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When you walk through a storm

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As the pound continues to fall, food prices and the cost of holidays rise, businesses switch their investment to mainland Europe, the universities struggle to attract foreign students and the NHS, farming, construction and hospitality industries highlight their growing labour shortages, and the Leave EU voters mutter, “Nothing to do with us”, this Blog has sought diversion in harmless pleasures while awaiting the next Tory party inspired crisis known as the general election.

Owing plenty not only to the NHS but also the charities that keep it afloat, this Blog and Mrs Blog, and, in the past, both Blogdaughter and Blogdog, set out each May in the sponsored Brighton Heart Support Trust stroll along the seafront. I think this is aimed in part at showing bystanders that bionic “body parts scroungers” can still put one foot in front of another, and perhaps also at convincing us survivors of the same thing.

This Blog has made full use of the NHS over the years

The weather usually looks kindly on our walk, it provides more opportunity to enjoy the city than when you’re trying to park, and it offers unlimited prospects of bacon butties and donuts on the pier.

 

Displaying great self-discipline, we restrict ourselves to just one sandwich each….

….so we can afford to be a little more self-indulgent at the donut stall.

Mrs Blog and I, both being semi-retired, have taken to walking on the South Downs and  visiting National Trust properties, shops or tearooms during midweek with the result that the world seems full of old people. I suppose they have to be somewhere but they do seem to take a long time to choose a cake.

Midweek matinee fun

On the other hand, we find that children are also best avoided. The housing estate where we live (Mrs B doesn’t like me using that word — I think she has middle class aspirations) has organised a Street Party one Sunday in June. Now, we’re British and, despite recent security warnings, not easily frightened, at least not until the threat level hits “Replacement Bus Service” or “Street Party”. We have accordingly Googled, “HELP! Where else can we be on 11 June??” and will be attending the annual memorial service at the Chattri.

Our cul de sac always overdoes it with these things. This was to celebrate the completion of the draft neighbourhood plan

As it happens, this is a favourite walk destination for us and we have planned to make the service for a while. The Chattri is a fine, marble monument, a listed building, set high on the Downs outside Brighton with distant views of the sea. It marks the spot where Hindu and Sikh soldiers, injured in action in the WW1 trenches and brought to the temporary hospital in Brighton’s famous Pavilion, were cremated if they failed to recover. (Only if they died, as Mrs Blog rather pedantically insists that I point out.) Wiki tells me there were over 800,000 Indian soldiers fighting for the Empire at the time and that King George V felt that the exotic mock-Indian surroundings of the Pavilion might help them feel right at home.  That, and the pier, sticks of rock and Donald McGill postcards, no doubt.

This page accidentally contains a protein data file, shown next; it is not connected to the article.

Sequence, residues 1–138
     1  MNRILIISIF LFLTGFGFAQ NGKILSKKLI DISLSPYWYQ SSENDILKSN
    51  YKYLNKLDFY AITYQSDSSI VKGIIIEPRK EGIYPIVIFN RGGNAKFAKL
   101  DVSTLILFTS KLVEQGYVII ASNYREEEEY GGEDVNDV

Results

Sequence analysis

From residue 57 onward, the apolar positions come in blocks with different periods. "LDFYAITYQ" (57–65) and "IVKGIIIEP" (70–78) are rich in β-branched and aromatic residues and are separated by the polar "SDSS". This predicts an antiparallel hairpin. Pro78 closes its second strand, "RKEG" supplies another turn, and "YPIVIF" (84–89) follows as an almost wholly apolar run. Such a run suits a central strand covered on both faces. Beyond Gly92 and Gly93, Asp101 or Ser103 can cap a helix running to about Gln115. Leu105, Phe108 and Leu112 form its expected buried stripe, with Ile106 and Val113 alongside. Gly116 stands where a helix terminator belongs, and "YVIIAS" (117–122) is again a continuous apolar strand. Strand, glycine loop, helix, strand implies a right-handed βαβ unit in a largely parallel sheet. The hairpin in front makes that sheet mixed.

Visiting any scene of “ultimate sacrifice” like the D-Day beaches, Flanders war graves or the Menin Gate is inevitably a most moving experience and to stand at the Chattri and think of those men a century ago, fighting and dying so very far from home, is right up there.

There must be something in the air because I met up with an old school friend a week ago at the Imperial War Museum. (Did I say I was seeking diversion in harmless pleasures?) He was over from where he now lives near San Francisco (it’s always sensible to retain friends in useful places) where they don’t have any history of course. This Blog isn’t really into weaponry and not obsessed about set piece battles, but the IWM is about so much more. It’s one of the best places I know for telling a story and engaging your interest. We spent a good three hours without even making the shop or café, which Mrs B found hard to believe – the shop and café bit. The more or less permanent, extensive exhibition on the holocaust would be hard to beat – and we did take in the equivalent in Jerusalem during a recent cruise – but our starting point was the temporary gallery on “Fighting for Peace”, the story of conscientious objectors, the Greenham Common women and protest marches against the Iraq war.

You put your whole self in….

The age old scenario: you finish your demo and there’s never enough buses

Adopting our “we’re approaching middle age” practice of buying tickets for midweek matinees, Mrs Blog and I went to see Richard Wilson as the headmaster in Alan Bennett’s Forty Years On at the Festival Theatre in Chichester. Having read the play several decades ago it was nostalgically comforting to hear Bennett’s familiar lines:

“wild horses on bended knees couldn’t have dragged me away”

“it was the kind of library he had only read about in books” and

“I have never understood this liking for war. It panders to instincts already catered for within the scope of any respectable domestic establishment”

That’s about as experimental and challenging as theatre needs to get for Mrs Blog and me.

Not exactly Alan Ayckbourn, though, is it?

Next week we take another adventurous step, this time musically, to the hip coastal resort of Eastbourne. Sorry, that should read, the hip replacement coastal resort.  It’s for a Gerry and the Pacemakers concert and there’ll be pacemakers everywhere. Along with all the other scouse ex-pats on the Sussex coast I’ll take me red and white scarf for the cardiac recoverers’ encore…..

“Walk on, walk on, with hope in your hearts….”

Gerry always gets a great encore at the Eastbourne Hippodrome

 

 

 

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